Can photoselective vaporization of the prostate affect erectile function?

Marc B. Garnick, MD
Hematology & Oncology
Photoselective vaporization of the prostate (PVP) has become a popular treatment option for benign prostatic hyperplasia (BPH), or enlarged prostate. It uses lasers to destroy excess prostate tissue and improve urine flow. But a French study suggests that the minimally invasive procedure may impair erectile function.

Researchers followed 149 men who had PVP, assessing their sexual function with questionnaires preoperatively, every three months for a year postoperatively, and then yearly for up to four years. They also measured patients' urinary function and collected other data, such as PSA levels.

As expected, PVP significantly improved patients' urine flow. For the group as a whole, it didn't significantly alter erectile function. However, patients who had normal sexual function before the procedure reported that it declined significantly after PVP.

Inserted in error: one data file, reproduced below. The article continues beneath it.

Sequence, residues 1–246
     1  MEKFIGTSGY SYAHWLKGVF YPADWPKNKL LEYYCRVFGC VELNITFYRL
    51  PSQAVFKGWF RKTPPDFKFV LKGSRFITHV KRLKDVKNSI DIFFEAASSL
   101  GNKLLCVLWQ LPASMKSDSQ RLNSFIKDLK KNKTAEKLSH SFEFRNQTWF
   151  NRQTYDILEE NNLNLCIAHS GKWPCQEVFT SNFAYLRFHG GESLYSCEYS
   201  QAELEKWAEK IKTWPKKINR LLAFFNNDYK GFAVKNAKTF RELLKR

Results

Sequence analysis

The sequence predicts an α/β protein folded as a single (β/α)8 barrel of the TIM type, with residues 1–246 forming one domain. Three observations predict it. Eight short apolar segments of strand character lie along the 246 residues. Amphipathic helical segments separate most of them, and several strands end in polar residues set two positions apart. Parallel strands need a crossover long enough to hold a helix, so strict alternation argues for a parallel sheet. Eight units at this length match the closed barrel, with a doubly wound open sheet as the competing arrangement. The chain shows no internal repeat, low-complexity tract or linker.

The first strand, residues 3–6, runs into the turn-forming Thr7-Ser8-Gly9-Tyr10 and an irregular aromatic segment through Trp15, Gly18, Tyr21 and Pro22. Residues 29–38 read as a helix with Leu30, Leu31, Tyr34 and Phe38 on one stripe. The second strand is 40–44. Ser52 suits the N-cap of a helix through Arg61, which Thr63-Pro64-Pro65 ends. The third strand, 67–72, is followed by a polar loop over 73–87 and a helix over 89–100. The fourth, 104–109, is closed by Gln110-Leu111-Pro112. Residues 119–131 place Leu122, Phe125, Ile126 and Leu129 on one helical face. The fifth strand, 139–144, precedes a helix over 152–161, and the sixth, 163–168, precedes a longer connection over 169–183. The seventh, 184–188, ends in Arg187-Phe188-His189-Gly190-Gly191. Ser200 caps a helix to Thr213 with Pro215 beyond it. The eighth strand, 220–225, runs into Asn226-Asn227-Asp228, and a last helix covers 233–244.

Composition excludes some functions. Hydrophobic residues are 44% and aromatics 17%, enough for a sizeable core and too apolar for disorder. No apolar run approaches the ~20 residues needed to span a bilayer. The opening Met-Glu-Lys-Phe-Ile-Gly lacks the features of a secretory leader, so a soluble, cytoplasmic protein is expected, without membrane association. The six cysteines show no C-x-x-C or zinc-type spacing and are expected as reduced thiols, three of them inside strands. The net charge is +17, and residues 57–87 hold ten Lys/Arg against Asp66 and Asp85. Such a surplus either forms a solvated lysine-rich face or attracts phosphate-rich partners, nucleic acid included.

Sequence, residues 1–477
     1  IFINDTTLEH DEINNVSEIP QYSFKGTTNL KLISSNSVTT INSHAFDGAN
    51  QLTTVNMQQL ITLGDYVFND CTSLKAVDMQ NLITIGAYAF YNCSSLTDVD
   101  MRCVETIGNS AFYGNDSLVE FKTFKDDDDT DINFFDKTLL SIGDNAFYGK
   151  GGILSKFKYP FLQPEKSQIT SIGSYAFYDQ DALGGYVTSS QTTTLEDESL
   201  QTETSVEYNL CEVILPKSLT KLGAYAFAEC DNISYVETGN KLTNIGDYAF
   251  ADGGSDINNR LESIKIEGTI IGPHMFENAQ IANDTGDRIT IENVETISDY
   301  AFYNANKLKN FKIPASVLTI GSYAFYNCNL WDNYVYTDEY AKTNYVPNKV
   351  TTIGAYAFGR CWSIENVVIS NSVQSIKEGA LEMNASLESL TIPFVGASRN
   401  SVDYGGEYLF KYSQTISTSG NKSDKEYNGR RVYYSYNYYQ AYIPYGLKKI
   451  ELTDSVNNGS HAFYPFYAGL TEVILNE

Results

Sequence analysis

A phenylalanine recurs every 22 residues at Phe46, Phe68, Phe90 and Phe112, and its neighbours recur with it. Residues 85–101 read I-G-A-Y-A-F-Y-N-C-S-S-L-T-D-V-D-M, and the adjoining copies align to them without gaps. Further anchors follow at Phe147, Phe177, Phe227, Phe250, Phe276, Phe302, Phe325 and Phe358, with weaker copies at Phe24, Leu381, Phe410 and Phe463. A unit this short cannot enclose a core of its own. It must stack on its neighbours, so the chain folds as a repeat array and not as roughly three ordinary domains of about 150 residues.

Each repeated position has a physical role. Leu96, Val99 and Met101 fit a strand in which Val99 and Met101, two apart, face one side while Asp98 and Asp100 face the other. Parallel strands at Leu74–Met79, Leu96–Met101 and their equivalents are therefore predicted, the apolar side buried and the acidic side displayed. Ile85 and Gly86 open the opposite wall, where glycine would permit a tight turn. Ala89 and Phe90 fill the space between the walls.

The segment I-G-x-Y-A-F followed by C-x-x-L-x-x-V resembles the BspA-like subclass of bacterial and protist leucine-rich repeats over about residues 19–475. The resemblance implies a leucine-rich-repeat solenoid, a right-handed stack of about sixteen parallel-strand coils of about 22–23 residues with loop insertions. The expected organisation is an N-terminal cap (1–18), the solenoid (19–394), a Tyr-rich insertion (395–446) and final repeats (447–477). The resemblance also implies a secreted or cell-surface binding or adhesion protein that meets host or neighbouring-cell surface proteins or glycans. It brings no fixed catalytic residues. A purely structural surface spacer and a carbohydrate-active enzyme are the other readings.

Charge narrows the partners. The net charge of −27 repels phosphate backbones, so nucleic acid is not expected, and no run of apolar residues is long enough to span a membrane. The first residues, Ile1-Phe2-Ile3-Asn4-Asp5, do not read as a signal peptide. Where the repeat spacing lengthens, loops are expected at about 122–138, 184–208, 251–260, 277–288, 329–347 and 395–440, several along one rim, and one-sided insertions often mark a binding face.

The reasons for this decline are unclear, but the researchers speculate that diffusion of the laser's power in certain areas may be to blame. They also note that study participants with normal erectile function may have been healthier than the group as a whole. But researchers did not account for the potential impact of other health problems on erectile function.

Researchers need to follow more patients before making definitive conclusions about PVP's long-term effects on erectile function. For now, patients seeking treatment for BPH who are concerned about erectile function should discuss their options with their doctors.

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